- Ships don’t just turn sideways in a canal channel, which is why the Suez Canal has worked at the width it is for decades, even as ships have got larger.
- Yet, at first, the media said it was wind that turned the ship, which, to put that in proportion, is a bit like saying wind knocked over the Kenyatta International Convention Centre in Nairobi.
Ever Given, the mighty cargo ship that blocked the Suez Canal last month, brought the drama of fictional sabotage stories to our real TV screens in 2021, as the skewed ship, wedged either end, blocked 10 percent of the world’s trade for just under a week.
The stories were flaky from the start on how the ship came to be at a near-perpendicular angle to its travel channel. It didn’t knock anything, it has steerage, and that ship is so heavy, it took all the trawlers that several countries could muster to right it.
Ships don’t just turn sideways in a canal channel, which is why the Suez Canal has worked at the width it is for decades, even as ships have got larger.
Yet, at first, the media said it was wind that turned the ship, which, to put that in proportion, is a bit like saying wind knocked over the Kenyatta International Convention Centre in Nairobi.
Moreover, there was no abnormal hurricane that day, and much more powerful windy days have never before turned a mega-tanker, plus the Egyptian authorities additionally leapt in rapidly to say that the blockage was most certainly not caused by wind.
With the canal unpassable, Egypt didn’t have the time then to argue over what caused the block.
It anyway took six-and-a-half days to move that ship. But last week, it seized Ever Given and all but two of its crew, because the owners will not settle any compensation, not the £655m that Egypt says it cost to get the ship moved, and not, in fact, any amount at all, as in even a single dollar.
Now, a thought for those sailors. One or more of them knows how that ship turned, for sure. But their tale also brings home the perils for crew, which span a dozen bases.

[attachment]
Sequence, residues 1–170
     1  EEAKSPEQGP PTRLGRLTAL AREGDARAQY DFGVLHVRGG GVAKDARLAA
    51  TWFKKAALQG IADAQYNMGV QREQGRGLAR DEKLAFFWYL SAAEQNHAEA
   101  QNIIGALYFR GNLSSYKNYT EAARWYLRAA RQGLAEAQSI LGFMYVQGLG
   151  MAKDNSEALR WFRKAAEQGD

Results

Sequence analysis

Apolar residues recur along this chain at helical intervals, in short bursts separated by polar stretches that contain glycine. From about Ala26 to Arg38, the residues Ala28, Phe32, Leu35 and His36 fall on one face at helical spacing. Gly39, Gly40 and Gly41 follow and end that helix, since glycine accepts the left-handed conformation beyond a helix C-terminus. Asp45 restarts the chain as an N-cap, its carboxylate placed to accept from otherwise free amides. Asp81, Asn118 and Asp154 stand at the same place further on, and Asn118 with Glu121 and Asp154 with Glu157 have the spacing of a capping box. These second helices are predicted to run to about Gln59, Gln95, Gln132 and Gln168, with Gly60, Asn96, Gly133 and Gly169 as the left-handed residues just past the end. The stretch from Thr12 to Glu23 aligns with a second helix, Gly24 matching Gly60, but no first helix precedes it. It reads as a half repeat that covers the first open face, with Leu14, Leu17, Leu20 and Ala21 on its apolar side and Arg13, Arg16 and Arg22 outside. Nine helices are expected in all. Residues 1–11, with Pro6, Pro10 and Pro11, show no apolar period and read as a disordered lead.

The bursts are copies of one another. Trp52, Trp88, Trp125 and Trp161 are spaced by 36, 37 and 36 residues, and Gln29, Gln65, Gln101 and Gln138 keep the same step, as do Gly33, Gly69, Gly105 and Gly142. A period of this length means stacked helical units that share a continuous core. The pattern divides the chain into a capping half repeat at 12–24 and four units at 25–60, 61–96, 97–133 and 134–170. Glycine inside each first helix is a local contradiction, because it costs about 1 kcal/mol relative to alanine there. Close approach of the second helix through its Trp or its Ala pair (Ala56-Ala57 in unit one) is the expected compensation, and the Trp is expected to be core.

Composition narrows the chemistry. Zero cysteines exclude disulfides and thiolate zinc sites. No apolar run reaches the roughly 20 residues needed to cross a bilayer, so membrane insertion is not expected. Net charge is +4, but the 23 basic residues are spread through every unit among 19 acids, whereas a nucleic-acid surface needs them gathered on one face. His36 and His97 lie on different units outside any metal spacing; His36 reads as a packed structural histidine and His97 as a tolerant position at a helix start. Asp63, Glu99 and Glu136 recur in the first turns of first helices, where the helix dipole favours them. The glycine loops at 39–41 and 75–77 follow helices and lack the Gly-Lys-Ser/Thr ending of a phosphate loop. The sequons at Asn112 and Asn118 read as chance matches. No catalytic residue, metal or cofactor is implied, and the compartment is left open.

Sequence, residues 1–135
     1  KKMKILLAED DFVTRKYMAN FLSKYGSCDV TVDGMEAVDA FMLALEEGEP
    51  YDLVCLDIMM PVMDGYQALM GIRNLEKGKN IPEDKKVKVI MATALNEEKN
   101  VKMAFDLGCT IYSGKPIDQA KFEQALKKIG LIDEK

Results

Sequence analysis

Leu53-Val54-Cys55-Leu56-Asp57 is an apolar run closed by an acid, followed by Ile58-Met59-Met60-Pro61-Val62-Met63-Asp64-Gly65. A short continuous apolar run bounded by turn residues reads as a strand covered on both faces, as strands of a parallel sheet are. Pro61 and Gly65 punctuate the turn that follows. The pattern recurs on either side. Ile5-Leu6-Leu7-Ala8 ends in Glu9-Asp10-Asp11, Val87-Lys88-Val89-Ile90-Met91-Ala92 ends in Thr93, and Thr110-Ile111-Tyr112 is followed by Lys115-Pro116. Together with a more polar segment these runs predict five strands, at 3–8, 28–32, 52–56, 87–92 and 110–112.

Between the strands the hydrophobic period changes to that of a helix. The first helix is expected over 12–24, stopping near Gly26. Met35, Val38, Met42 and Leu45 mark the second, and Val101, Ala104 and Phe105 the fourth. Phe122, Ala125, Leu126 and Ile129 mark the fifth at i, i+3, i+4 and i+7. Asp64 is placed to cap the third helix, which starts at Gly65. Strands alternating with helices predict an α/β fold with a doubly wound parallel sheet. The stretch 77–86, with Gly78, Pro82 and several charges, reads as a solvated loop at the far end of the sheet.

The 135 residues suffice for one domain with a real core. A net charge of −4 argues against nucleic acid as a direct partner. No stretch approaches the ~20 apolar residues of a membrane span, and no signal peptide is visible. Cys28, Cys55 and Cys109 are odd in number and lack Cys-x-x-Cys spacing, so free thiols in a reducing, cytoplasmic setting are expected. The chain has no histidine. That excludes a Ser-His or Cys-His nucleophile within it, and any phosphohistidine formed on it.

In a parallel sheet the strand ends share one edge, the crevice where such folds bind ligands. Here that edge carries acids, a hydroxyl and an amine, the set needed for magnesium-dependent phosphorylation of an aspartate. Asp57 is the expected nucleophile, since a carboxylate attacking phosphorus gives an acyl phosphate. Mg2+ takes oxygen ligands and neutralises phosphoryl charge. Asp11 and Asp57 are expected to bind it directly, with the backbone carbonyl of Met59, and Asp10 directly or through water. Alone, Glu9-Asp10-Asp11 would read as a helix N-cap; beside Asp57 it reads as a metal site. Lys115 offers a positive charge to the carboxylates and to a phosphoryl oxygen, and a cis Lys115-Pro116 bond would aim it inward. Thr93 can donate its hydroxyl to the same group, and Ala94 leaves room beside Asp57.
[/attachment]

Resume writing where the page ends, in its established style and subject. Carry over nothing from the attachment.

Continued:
For, Ever Given has certainly come as a reminder of the extraordinary lack of oversight, coverage, focus, information and regulation of the world’s largest industry.
As it is, the shipping industry is mammoth. Just look at even our own exports and imports as a proportion of GDP, then write in every kilogramme of every nation’s merchandise trade being either airborne or maritime shipped, and it becomes clear it is a gargantuan movement and industry.
Yet, shipping is almost entirely beyond and outside the law.
As one ShorList blogger recently put it: “According to the United Nations Convention on the Law of the Sea: ‘No state may validly purport to subject any part of the high seas to its sovereignty.’ ... Rather than belonging to nowhere, international waters kind of belong to everywhere under the principle of freedom of the seas.”
But it’s a ‘kind of’ belonging to everywhere that goes badly, often. People can get murdered on a ship and there is no murder if the captain says there was no murder. That captain is the law.
And it makes for a hideous life for the crews, often from the Philippines, India or South Africa, stuck on ships for sometimes years, with no recourse for rape, theft, assault, and even when some of them just ‘disappear’ over the side.
But it’s also the source of Egypt’s struggle, with that one ship owner, with their wind-vulnerable mega-ship.
Indeed, our lawless shipping is a blind spot so huge, it continues to mystify me why it has become our exception on everything. Air travel has long been targeted on air miles and with pressure to take fewer flights and buy carbon compensation.
Yet shipping, which carries 90 percent of world trade, never gets even a mention for its gas guzzling, which is many times greater.
I have observed before that even a single average container ship uses enough fuel in a single day, to fuel all of the 8,000 cars a year sold in Kenya for nearly 400 miles of travel each. These ships are our last and principal oil sinks.
They also transport, apparently, huge flows of illegal immigrants and all the world’s illegal cargo, and, let’s just wonder, could even be paid to block channels now and then too. And we think maritime is off the radar? Why?